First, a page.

Category:Journalists who committed suicide
Pages in category "Journalists who committed suicide"
The following 63 pages are in this category, out of 63 total. This list may not reflect recent changes (learn more).
The following 63 pages are in this category, out of 63 total. This list may not reflect recent changes (learn more).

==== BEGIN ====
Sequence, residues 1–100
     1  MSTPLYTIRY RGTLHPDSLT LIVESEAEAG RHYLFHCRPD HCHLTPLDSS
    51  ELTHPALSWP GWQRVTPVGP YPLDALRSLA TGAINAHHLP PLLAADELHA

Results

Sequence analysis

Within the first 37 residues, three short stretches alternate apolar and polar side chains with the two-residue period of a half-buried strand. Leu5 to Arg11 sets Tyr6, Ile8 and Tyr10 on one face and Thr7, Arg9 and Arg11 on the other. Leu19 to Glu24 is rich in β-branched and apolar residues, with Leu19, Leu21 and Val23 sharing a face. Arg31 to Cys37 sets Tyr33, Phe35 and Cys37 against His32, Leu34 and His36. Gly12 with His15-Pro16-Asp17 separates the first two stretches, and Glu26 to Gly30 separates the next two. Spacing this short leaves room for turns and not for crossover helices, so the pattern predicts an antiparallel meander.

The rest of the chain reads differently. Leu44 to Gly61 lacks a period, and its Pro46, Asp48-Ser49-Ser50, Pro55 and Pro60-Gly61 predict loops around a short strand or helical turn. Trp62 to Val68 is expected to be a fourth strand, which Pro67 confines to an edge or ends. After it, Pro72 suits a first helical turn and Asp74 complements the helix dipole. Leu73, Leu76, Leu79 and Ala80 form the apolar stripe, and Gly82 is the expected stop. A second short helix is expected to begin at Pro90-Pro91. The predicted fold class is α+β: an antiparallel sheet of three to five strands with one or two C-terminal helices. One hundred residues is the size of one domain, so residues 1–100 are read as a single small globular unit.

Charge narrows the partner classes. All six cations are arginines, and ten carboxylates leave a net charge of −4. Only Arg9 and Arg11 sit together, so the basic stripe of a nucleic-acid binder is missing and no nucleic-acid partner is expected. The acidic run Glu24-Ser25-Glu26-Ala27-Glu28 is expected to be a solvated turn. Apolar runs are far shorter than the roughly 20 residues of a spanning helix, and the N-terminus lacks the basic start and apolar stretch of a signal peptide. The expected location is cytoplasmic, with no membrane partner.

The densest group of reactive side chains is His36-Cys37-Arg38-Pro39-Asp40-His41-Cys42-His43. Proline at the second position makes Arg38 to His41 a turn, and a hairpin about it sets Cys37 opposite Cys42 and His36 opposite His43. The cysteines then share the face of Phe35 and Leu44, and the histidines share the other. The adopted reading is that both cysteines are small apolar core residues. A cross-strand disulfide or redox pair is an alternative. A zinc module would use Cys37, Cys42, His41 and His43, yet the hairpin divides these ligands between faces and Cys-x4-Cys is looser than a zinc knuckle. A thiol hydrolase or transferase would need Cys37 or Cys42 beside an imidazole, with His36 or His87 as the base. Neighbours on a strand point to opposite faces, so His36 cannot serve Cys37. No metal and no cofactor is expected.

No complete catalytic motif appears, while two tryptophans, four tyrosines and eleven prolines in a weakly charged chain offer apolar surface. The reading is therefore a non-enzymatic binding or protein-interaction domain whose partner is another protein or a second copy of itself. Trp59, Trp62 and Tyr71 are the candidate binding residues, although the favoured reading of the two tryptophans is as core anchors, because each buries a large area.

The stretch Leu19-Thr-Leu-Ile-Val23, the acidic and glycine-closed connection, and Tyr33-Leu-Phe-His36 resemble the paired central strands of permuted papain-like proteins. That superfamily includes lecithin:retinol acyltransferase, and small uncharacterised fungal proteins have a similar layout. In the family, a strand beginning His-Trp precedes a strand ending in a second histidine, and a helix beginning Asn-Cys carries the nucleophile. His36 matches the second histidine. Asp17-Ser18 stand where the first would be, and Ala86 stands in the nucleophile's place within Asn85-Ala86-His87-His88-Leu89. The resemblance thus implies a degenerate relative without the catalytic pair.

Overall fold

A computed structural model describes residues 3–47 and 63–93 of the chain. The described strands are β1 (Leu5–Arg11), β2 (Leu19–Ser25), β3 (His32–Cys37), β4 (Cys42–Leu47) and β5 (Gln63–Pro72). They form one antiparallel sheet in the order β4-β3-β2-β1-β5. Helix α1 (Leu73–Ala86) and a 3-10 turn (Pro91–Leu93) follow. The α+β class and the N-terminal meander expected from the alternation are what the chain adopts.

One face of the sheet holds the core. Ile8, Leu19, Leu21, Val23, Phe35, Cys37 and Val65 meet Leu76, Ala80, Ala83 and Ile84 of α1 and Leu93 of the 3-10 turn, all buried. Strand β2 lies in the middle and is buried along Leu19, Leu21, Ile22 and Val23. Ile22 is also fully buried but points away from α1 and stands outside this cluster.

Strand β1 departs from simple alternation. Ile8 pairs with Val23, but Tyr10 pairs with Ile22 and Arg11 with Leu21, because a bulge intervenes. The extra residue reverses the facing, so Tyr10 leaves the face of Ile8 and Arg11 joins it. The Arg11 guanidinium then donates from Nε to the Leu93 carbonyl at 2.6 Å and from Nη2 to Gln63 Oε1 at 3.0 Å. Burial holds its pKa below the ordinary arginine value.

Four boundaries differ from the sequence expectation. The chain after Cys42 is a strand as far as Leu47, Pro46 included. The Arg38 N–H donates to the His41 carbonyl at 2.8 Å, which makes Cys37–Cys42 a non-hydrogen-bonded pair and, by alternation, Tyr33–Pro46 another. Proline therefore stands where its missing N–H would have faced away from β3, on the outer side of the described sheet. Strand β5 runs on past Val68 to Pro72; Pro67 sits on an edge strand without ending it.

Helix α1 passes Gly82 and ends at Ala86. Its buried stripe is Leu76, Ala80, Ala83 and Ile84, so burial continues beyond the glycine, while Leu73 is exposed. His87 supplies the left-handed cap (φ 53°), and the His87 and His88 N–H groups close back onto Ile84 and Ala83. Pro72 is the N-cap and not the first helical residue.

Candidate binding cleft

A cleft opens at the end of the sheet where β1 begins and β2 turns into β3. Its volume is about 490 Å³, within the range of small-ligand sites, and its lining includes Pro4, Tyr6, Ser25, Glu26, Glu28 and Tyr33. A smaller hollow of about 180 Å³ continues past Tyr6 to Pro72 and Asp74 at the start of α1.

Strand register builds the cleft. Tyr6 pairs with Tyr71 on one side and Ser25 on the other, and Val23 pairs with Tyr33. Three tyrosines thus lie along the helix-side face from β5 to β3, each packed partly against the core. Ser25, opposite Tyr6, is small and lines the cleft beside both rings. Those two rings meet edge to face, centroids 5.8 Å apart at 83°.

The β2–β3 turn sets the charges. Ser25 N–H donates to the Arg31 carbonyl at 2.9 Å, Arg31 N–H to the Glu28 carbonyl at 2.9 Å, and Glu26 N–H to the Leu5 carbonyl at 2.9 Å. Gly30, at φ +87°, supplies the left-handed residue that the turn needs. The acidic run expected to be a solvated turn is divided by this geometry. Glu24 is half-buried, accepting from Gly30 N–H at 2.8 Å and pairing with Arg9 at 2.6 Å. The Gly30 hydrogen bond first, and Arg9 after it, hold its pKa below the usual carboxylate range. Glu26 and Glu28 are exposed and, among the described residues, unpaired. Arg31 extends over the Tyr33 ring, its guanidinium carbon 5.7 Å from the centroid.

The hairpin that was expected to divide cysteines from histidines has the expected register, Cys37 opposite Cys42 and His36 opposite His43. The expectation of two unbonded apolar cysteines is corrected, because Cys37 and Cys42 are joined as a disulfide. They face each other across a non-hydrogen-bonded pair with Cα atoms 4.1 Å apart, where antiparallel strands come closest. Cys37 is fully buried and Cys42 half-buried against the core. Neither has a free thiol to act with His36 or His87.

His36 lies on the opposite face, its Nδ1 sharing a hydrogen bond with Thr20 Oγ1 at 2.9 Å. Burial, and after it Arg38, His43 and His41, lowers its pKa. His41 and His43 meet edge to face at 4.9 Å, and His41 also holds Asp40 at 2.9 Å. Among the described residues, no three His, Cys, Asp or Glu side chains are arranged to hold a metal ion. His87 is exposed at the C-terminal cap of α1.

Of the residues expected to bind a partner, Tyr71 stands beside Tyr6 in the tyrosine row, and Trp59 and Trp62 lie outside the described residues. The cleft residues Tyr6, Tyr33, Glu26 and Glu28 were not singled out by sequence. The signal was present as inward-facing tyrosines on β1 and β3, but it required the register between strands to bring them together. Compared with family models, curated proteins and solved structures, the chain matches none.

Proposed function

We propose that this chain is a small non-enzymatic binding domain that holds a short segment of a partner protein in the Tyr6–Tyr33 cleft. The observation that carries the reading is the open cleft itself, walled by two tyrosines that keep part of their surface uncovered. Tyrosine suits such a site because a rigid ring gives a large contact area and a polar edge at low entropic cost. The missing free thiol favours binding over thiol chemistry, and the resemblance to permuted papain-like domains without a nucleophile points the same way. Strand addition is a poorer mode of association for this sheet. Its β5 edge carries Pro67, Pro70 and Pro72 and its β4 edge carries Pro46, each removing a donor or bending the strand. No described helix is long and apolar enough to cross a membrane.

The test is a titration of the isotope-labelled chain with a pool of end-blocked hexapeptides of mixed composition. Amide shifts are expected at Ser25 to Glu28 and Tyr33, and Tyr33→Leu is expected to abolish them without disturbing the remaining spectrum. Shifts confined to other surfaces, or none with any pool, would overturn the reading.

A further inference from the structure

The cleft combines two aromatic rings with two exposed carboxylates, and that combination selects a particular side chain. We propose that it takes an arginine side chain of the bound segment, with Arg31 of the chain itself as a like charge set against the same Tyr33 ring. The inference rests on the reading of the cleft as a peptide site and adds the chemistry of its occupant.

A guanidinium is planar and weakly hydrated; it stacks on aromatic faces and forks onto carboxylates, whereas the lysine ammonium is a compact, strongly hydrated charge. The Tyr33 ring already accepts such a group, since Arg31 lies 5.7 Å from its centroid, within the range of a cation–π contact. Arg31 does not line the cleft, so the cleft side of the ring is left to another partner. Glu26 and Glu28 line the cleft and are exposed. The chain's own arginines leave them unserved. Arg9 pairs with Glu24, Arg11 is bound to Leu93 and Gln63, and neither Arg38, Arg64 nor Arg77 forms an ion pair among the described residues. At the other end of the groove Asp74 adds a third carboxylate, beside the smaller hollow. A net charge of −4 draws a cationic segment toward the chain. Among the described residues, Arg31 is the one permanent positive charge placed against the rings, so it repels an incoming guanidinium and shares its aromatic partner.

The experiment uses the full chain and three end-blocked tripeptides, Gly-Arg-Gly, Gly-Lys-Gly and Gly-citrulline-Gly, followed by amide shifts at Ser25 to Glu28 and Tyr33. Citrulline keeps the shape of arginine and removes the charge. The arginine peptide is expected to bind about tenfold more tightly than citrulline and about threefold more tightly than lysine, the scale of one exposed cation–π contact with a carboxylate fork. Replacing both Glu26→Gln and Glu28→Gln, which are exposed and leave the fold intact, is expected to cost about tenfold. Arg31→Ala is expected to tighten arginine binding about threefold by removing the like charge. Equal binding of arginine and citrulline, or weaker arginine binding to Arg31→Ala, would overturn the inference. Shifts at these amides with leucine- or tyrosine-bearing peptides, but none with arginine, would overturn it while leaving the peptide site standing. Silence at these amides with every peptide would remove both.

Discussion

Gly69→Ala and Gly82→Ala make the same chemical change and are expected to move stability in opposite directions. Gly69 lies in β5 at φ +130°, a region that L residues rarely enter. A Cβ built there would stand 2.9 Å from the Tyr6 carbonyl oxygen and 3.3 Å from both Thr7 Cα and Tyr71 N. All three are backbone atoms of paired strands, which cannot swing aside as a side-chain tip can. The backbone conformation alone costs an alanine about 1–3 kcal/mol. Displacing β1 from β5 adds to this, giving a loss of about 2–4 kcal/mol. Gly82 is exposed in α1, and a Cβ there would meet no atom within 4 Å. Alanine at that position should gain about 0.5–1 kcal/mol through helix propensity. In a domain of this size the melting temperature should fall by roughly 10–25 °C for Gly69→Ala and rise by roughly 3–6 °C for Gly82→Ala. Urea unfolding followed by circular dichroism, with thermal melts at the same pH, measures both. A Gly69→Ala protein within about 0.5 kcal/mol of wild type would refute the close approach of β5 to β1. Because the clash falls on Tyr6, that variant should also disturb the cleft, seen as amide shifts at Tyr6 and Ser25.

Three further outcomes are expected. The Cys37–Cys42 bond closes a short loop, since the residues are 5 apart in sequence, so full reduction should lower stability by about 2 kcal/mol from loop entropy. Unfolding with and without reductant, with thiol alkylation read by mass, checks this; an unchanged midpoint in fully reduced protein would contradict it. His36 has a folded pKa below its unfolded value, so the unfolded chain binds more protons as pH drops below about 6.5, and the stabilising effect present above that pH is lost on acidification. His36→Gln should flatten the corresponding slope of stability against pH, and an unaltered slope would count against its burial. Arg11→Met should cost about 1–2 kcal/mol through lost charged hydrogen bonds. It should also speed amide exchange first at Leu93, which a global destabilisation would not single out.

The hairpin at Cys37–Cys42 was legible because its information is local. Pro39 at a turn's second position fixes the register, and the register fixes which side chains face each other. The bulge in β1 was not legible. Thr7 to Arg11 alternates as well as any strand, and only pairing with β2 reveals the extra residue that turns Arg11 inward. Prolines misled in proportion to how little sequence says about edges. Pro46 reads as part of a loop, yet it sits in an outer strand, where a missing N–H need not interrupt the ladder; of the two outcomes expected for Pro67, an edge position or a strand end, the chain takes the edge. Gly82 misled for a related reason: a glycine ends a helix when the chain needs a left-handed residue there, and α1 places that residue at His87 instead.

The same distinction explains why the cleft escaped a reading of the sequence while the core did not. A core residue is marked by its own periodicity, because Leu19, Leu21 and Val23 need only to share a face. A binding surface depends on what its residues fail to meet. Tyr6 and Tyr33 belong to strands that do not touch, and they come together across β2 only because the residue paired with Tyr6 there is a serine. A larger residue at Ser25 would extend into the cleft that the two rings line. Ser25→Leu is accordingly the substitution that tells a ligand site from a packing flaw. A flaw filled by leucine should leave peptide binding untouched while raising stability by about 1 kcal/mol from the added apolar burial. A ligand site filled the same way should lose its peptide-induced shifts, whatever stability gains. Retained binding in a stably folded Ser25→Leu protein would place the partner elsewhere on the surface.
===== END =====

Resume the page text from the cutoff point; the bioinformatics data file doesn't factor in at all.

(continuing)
1. Francis Adams (writer) – Francis William Lauderdale Adams was an essayist, poet, dramatist, novelist and journalist who produced a large volume of work in his short life. Adams was born in Malta the son of Andrew Leith Adams F. R. S. F. G. S. an army surgeon, who became well known as a scientist, a fellow of the Royal Society. Francis mother, Bertha Jane Grundy, became a well-known novelist, Francis was educated at Shrewsbury School and from 1879 served as an attaché in Paris. He took up a position as an assistant master at Ventnor on the Isle of Wight. He joined the Social Democratic Federation in London in 1883, in 1884 Adams published a volume of poems, Henry and Other Tales, his autobiographical novel, Leicester, an Autobiography. In 1886 a collection of Australian Essays on topics such as Melbourne, Sydney, during the time in Australia he contributed to several periodicals, including The Bulletin. Adams then went to Brisbane and published Poetical Works which is a volume of over 150 pages printed in double columns. His wife died giving birth to a boy, Leith. Adams remained in Brisbane until the part of 1887, and published a novel. After a short stay in Sydney Adams married again, returned to Brisbane, at the end of 1887 Adams published his best known collection of verse Songs of the Army of the Night, which created a sensation in Sydney and, later, went through three editions in London. He returned to England in early 1890 and published two novels, John Webbs End, a Story of Bush Life, and The Melbournians, a volume of short stories, Australian Life, came out in 1892. Adams health was failing rapidly from an incurable lung-disease and he spent the winter of December 1892 – February 1893 in Alexandria to finish his book attacking the British occupation of Egypt, the result, The New Egypt was released after his death in 1893. His first novel A Child of the Age, was published posthumously in 1894 by John Lane in the Keynote Series and it vividly describes the schooldays and poverty-stricken struggles of would-be poet and scholar, young orphan Bertram Leicester, and is understandably suffused with a fin-de-siècle melancholy. During a massive and haemorrhage caused by tuberculosis, Adams shot himself at a house in Margate. He had long carried a pistol for this purpose and he was survived by his second wife, Edith, who assisted his suicide but was not convicted of any crime. Adams energy and drive can be seen through his large output of work in his short lifetime. He often wrote quickly and did little revision, living as he did on the proceeds of his own rather than with the support of a family or sinecure